The faces are individual panels. To make it more efficient to build, each part of the ceiling grid would be composed of three three-by-four-foot box sections attached together as one three-by-twelve-foot piece. “Otherwise it would’ve been too much effort to line up each individual box correctly,” says Cutler.
Cutler directed George Winn, production manager of IPG/SignArt in Charlotte, North Carolina to develop a working prototype out of one three-by-four-foot section. The laborious challenge: getting the highly translucent Plexiglas panels to illuminate evenly. “But the owners loved the look so much that they asked, ‘Could you do it in changing colors,’” he says, “‘but without breaking Fort Knox?’”
Cutler called on Sales/Technical Representatives Lauren Davis and Mike Sonline of Pioneer Supply Company in Pittsburgh, Pennsylvania, and they met with MaxBrite General Manager John Lee. So Cutler switched MaxBrite RGB color-changing modules into the prototype, and the results knocked everyone’s socks off.
The owners approved this project in mid-June, and since they had a Grand Opening event scheduled, Cutler and his hand-picked team would have to complete the project by mid-August—a very aggressive “track meet” turnaround.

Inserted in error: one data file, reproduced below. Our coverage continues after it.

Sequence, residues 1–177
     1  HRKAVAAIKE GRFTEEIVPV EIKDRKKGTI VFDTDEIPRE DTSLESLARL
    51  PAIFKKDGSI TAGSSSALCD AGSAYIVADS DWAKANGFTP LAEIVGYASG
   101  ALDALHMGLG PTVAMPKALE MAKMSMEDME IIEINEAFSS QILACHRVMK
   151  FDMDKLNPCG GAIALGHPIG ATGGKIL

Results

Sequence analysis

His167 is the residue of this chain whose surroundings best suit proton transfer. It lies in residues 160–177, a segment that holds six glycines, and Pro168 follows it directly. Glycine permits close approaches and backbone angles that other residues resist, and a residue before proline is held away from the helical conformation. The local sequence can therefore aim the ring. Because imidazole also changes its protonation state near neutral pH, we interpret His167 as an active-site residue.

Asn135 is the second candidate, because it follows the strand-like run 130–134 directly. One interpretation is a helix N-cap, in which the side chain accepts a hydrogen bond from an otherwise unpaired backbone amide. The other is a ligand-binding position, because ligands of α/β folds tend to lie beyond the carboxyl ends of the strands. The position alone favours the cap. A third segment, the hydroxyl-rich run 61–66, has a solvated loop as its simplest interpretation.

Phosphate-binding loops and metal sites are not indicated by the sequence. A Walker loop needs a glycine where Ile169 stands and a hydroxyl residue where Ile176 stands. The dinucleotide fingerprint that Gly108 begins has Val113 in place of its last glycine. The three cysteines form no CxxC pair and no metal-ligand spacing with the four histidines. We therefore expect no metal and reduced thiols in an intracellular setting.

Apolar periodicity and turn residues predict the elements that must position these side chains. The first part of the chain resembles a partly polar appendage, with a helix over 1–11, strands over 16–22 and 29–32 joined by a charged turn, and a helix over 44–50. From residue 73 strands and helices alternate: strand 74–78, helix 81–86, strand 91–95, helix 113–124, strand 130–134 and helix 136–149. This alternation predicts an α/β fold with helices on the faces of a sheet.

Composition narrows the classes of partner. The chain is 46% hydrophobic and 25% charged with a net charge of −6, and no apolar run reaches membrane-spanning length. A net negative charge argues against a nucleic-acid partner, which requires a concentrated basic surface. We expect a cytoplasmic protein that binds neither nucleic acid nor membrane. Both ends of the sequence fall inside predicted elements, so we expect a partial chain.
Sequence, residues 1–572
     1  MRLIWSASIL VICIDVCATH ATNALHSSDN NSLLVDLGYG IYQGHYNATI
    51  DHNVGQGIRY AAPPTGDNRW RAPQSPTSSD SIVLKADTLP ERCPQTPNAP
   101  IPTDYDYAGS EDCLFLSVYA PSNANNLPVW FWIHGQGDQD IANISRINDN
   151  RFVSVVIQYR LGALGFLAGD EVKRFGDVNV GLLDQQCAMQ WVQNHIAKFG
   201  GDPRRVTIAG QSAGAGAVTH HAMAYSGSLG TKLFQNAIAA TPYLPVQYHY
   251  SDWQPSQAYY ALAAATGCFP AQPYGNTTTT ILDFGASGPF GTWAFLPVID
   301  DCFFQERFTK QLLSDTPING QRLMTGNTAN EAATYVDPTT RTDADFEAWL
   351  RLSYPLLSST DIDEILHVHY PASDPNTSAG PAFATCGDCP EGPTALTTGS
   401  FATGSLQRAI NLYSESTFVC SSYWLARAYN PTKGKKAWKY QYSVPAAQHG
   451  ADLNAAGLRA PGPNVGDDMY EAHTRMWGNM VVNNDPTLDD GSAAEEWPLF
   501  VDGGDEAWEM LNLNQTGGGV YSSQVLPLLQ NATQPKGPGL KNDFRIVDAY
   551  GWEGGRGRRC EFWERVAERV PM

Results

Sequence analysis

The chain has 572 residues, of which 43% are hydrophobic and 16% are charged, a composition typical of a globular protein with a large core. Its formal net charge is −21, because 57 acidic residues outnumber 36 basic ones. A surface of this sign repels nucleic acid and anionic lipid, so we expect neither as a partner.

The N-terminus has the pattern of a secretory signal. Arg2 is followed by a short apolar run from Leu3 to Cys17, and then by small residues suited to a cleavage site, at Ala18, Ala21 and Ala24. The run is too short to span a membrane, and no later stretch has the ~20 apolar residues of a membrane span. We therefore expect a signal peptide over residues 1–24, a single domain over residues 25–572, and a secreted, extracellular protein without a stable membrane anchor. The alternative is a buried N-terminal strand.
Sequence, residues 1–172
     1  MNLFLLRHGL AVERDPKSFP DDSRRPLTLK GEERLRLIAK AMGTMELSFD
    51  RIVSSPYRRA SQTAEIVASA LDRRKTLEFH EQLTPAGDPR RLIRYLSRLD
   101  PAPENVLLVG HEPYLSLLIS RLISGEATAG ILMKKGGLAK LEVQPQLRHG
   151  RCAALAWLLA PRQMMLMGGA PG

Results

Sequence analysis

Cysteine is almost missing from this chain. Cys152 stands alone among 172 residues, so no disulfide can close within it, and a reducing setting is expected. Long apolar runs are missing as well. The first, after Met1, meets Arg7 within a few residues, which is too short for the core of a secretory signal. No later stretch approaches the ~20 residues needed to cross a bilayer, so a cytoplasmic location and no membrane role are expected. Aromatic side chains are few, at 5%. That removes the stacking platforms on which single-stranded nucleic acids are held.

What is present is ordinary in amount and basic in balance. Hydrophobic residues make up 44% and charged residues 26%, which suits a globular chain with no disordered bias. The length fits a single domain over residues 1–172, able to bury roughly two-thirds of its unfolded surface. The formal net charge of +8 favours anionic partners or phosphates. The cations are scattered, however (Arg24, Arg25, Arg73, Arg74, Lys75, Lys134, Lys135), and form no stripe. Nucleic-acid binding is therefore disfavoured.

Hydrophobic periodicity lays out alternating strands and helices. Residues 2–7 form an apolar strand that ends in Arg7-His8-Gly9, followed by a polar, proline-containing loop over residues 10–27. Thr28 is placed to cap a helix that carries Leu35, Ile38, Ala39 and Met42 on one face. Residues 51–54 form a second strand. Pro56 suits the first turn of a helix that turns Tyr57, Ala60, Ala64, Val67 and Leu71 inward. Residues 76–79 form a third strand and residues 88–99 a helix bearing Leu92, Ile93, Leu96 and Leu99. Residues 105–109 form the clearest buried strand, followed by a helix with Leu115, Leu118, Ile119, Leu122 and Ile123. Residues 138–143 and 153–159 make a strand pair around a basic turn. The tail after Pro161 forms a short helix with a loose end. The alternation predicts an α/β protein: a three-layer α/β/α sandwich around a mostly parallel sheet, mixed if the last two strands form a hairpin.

IPG/SignArt built and wired thirty-eight six-inch-thick light box sections over a two-week period and had them ready by the first week in August.
The light boxes were shipped to Construction Manager Logan Henson of Complete Construction Service in Shawnee, Kansas, and Henson and the electrical contractor completed the installation.
Cutler brought Jason Yeager of Midwest Sign Co., in Overland Park, Kansas, onboard to perform testing and troubleshooting during and after the installation.
One of the biggest challenges was getting the light boxes up to the second floor. Since each measured twelve feet long, the elevator was too small to transport them, so Midwest Sign Co., used a crane to lift each individual light box up to the balcony on the second floor, where they were then wheeled inside onto dollies. “Then it became a series of manlifts and manpower and heavy all-thread to attach struts up in the ceiling to mount the boxes, level them, and get them all straight,” explains Cutler.